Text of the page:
Cylinder of Cyrus the
Babylonian, about 539-530 BC
From Babylon, southern Iraq
A declaration of good
This clay cylinder is inscribed in Babylonian cuneiform with
an account by
Cyrus the Great, king of Persia (559-530 BC) of his conquest of
Babylon in 539 BC and capture of Nabonidus, the last Babylonian king.
Cyrus claims to have achieved this with the aid of Marduk,
the god of Babylon. He then describes measures of relief he brought to the
inhabitants of the city, and tells how he returned a number of images of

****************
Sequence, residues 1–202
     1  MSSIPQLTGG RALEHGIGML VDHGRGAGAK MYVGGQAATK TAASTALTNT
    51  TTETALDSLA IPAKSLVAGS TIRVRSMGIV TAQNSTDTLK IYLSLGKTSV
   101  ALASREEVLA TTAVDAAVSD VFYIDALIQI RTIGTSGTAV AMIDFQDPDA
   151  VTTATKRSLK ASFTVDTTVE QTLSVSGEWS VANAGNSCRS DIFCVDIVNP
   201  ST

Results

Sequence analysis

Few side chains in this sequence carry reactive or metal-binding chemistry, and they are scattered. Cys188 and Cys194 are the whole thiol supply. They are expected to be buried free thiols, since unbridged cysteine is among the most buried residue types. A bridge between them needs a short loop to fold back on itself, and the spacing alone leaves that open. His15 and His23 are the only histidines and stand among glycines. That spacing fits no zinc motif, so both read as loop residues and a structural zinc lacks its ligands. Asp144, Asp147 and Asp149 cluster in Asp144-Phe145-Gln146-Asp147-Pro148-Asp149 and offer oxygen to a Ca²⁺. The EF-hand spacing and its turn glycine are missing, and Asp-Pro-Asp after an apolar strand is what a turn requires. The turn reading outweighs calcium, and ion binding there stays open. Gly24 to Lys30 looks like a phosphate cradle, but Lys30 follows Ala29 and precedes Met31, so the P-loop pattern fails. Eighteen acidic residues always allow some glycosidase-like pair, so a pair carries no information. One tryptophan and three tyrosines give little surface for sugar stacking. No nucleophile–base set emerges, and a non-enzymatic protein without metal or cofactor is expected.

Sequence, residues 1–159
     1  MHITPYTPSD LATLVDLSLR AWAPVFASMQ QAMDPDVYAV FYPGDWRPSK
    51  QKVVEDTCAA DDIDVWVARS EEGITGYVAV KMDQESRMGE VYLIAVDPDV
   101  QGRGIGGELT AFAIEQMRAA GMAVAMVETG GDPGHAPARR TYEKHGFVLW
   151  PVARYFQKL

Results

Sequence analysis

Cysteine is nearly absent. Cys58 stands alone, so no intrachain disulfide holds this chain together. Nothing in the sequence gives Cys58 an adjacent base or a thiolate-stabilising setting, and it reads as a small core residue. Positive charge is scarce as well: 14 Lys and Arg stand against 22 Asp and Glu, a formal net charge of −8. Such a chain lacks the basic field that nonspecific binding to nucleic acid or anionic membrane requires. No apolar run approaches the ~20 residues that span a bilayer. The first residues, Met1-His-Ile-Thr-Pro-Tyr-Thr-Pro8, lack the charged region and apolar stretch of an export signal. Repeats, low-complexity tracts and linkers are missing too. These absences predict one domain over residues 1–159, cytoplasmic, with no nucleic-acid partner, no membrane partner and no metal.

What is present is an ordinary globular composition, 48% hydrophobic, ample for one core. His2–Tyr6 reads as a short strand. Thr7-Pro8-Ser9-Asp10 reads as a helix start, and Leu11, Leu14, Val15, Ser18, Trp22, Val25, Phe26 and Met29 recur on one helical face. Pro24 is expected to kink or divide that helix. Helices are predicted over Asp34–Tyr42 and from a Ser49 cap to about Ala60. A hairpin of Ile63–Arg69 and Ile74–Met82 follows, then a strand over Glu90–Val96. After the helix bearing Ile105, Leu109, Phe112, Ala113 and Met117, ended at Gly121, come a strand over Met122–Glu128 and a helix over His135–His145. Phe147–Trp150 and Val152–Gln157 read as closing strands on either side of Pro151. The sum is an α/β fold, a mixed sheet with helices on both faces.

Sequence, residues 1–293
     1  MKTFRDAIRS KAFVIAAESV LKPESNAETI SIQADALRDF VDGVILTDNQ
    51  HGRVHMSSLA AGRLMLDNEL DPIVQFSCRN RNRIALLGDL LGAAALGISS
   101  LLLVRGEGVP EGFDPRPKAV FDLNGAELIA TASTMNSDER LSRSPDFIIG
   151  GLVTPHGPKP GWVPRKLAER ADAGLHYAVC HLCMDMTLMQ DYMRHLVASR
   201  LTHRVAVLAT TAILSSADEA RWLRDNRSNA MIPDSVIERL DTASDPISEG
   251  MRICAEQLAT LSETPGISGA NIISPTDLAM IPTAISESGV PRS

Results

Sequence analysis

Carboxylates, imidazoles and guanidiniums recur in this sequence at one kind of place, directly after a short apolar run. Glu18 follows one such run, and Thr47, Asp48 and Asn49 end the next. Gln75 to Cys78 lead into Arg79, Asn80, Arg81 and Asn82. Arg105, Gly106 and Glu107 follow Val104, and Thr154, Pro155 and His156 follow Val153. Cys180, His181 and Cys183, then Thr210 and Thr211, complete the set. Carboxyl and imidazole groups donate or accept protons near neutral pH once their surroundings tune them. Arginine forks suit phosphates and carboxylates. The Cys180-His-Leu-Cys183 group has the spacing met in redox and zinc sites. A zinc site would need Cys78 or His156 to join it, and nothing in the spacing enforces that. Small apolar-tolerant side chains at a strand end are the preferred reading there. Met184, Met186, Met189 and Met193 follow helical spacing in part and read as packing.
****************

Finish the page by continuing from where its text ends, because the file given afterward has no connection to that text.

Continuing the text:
gods, which Nabonidus had collected in Babylon, to their proper temples
throughout Mesopotamia and western Iran.
At the same time he arranged for the restoration of these temples, and
organized the return to their homelands of a number of people who had been
held in Babylonia by the Babylonian kings.
Although the Jews are not mentioned in this document,
their return to Palestine following their deportation by Nebuchadnezzar
II, was part of this policy.
This cylinder has sometimes been described as the
'first charter of human rights', but it in fact reflects
a long tradition in Mesopotamia where, from as early as the third
millennium BC, kings began their reigns with declarations of reforms.
Length: 22.86 cm